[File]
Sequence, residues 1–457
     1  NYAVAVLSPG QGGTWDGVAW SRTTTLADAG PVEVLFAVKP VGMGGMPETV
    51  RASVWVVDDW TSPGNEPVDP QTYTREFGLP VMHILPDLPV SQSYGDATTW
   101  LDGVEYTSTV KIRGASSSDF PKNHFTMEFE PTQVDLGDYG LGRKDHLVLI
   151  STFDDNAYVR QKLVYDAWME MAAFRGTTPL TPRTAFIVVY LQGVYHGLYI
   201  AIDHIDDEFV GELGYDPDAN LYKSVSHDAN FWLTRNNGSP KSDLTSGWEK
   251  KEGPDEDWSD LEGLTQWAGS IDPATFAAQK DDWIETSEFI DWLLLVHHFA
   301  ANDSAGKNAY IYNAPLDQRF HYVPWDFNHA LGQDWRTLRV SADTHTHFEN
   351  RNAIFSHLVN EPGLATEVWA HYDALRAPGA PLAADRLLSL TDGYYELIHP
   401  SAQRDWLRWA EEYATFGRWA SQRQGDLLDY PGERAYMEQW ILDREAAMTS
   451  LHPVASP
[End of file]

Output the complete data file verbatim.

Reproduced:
Sequence, residues 1–457
     1  NYAVAVLSPG QGGTWDGVAW SRTTTLADAG PVEVLFAVKP VGMGGMPETV
    51  RASVWVVDDW TSPGNEPVDP QTYTREFGLP VMHILPDLPV SQSYGDATTW
   101  LDGVEYTSTV KIRGASSSDF PKNHFTMEFE PTQVDLGDYG LGRKDHLVLI
   151  STFDDNAYVR QKLVYDAWME MAAFRGTTPL TPRTAFIVVY LQGVYHGLYI
   201  AIDHIDDEFV GELGYDPDAN LYKSVSHDAN FWLTRNNGSP KSDLTSGWEK
   251  KEGPDEDWSD LEGLTQWAGS IDPATFAAQK DDWIETSEFI DWLLLVHHFA
   301  ANDSAGKNAY IYNAPLDQRF HYVPWDFNHA LGQDWRTLRV SADTHTHFEN
   351  RNAIFSHLVN EPGLATEVWA HYDALRAPGA PLAADRLLSL TDGYYELIHP
   401  SAQRDWLRWA EEYATFGRWA SQRQGDLLDY PGERAYMEQW ILDREAAMTS
   451  LHPVASP